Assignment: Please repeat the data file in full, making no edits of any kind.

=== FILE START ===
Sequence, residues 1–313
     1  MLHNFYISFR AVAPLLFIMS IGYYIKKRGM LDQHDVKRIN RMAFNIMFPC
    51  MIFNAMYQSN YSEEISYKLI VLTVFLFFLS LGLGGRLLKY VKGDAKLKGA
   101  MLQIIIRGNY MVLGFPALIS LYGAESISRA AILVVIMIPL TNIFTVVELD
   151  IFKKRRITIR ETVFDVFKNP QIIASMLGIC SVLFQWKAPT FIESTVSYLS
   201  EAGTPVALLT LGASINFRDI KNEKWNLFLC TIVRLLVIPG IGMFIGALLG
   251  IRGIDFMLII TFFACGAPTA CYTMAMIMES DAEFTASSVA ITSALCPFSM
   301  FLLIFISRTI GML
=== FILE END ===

Sequence, residues 1–313
     1  MLHNFYISFR AVAPLLFIMS IGYYIKKRGM LDQHDVKRIN RMAFNIMFPC
    51  MIFNAMYQSN YSEEISYKLI VLTVFLFFLS LGLGGRLLKY VKGDAKLKGA
   101  MLQIIIRGNY MVLGFPALIS LYGAESISRA AILVVIMIPL TNIFTVVELD
   151  IFKKRRITIR ETVFDVFKNP QIIASMLGIC SVLFQWKAPT FIESTVSYLS
   201  EAGTPVALLT LGASINFRDI KNEKWNLFLC TIVRLLVIPG IGMFIGALLG
   251  IRGIDFMLII TFFACGAPTA CYTMAMIMES DAEFTASSVA ITSALCPFSM
   301  FLLIFISRTI GML